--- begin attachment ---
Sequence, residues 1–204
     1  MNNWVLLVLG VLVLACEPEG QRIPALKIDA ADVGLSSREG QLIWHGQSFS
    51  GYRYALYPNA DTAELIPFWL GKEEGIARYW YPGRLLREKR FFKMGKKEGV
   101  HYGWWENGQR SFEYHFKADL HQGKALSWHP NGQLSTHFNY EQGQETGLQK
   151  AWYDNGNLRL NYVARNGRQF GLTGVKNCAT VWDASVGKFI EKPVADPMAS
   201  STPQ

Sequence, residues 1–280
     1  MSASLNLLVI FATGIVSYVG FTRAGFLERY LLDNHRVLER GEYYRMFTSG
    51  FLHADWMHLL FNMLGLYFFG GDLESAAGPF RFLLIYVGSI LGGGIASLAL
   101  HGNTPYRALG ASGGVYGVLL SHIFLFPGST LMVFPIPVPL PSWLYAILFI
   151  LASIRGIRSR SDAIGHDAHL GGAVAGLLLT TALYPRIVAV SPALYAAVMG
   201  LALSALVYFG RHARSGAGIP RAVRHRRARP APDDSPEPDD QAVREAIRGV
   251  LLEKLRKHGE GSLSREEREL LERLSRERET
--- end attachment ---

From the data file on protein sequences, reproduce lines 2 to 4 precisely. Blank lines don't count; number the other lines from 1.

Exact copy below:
     1  MNNWVLLVLG VLVLACEPEG QRIPALKIDA ADVGLSSREG QLIWHGQSFS
    51  GYRYALYPNA DTAELIPFWL GKEEGIARYW YPGRLLREKR FFKMGKKEGV
   101  HYGWWENGQR SFEYHFKADL HQGKALSWHP NGQLSTHFNY EQGQETGLQK